The personal injury mass tort system has turned into a twisted game of blackjack, one where the players’ cards stay hidden, it costs almost nothing to play a hand, and the game never ends – all while the casino pays out millions of dollars in prizes.

That’s more or less the state of personal injury mass tort litigation in the federal court system, according to the latest edition of ILR Briefly. Once plaintiffs’ lawyers identify a perceived widespread injury, they can easily recruit thousands of claimants for thousands of lawsuits, which are then consolidated into multidistrict litigations overseen by a single judge.

In these circumstances, plaintiffs’ counsel have successfully argued that it’s too burdensome for them to provide (or even gather) basic information about each of the hundreds or thousands of cases in a given multidistrict litigation – meaning that there’s no way to tell how many of the cases they’ve filed may actually be meritless. Moreover, courts claim they lack the capacity to consider motions to dismiss individual cases. And defendants, for their part, are routinely faced with the choice of reaching a global settlement or risking bankruptcy.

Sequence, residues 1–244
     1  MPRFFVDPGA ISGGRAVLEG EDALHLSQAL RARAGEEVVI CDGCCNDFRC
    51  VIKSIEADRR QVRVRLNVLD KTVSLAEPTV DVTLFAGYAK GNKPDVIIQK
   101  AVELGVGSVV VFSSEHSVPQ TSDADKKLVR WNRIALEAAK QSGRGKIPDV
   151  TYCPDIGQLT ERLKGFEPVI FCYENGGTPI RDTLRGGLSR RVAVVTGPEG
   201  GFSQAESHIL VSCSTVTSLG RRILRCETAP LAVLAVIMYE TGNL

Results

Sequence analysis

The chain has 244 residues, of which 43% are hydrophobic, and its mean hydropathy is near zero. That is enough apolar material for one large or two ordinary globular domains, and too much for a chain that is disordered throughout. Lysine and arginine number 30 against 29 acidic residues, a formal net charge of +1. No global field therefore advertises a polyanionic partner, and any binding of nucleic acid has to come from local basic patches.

This state of affairs means that multidistrict litigation is an extremely attractive business model for plaintiffs’ lawyers, as the statistics cited in this Briefly indicate. As of July 2021, there were 368,078 pending cases consolidated in the roughly 50 active federal multidistrict litigations involving primarily personal injury claims. That’s two-thirds of all private civil cases pending in federal courts.

Clearly, this is an unsustainable dynamic, and it will only get worse if left uncorrected. This Briefly concludes with proposed safeguards that would bring greater transparency to multidistrict litigation proceedings, and help reduce the number of meritless claims clogging the federal docket. Congress and the Federal Rules Advisory Committee should seriously consider these commonsense procedures to restore fairness and efficiency to large-scale personal injury litigation in federal courts.


Benjamin Halperin, Skadden, Arps, Slate, Meagher & Flom LLP.